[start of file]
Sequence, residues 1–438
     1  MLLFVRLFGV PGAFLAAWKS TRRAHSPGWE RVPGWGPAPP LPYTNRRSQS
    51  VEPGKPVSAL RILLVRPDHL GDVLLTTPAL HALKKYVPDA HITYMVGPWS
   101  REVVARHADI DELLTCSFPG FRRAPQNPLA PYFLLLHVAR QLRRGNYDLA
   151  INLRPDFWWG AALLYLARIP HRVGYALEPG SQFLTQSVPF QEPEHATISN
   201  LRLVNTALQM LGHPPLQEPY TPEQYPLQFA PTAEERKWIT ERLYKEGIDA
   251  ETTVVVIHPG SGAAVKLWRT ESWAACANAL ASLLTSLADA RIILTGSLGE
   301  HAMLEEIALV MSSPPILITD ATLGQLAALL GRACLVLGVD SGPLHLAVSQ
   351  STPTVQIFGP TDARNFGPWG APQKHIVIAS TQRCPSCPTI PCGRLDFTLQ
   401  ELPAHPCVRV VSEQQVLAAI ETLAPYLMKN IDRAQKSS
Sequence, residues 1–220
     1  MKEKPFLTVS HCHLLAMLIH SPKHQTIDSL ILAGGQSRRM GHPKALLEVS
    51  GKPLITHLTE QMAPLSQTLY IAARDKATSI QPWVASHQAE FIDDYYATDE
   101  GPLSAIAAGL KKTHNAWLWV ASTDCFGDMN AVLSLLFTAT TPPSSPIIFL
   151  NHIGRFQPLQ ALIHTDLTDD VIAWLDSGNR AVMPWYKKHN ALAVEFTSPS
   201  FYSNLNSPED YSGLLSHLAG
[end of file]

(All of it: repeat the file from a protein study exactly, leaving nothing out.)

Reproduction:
Sequence, residues 1–438
     1  MLLFVRLFGV PGAFLAAWKS TRRAHSPGWE RVPGWGPAPP LPYTNRRSQS
    51  VEPGKPVSAL RILLVRPDHL GDVLLTTPAL HALKKYVPDA HITYMVGPWS
   101  REVVARHADI DELLTCSFPG FRRAPQNPLA PYFLLLHVAR QLRRGNYDLA
   151  INLRPDFWWG AALLYLARIP HRVGYALEPG SQFLTQSVPF QEPEHATISN
   201  LRLVNTALQM LGHPPLQEPY TPEQYPLQFA PTAEERKWIT ERLYKEGIDA
   251  ETTVVVIHPG SGAAVKLWRT ESWAACANAL ASLLTSLADA RIILTGSLGE
   301  HAMLEEIALV MSSPPILITD ATLGQLAALL GRACLVLGVD SGPLHLAVSQ
   351  STPTVQIFGP TDARNFGPWG APQKHIVIAS TQRCPSCPTI PCGRLDFTLQ
   401  ELPAHPCVRV VSEQQVLAAI ETLAPYLMKN IDRAQKSS
Sequence, residues 1–220
     1  MKEKPFLTVS HCHLLAMLIH SPKHQTIDSL ILAGGQSRRM GHPKALLEVS
    51  GKPLITHLTE QMAPLSQTLY IAARDKATSI QPWVASHQAE FIDDYYATDE
   101  GPLSAIAAGL KKTHNAWLWV ASTDCFGDMN AVLSLLFTAT TPPSSPIIFL
   151  NHIGRFQPLQ ALIHTDLTDD VIAWLDSGNR AVMPWYKKHN ALAVEFTSPS
   201  FYSNLNSPED YSGLLSHLAG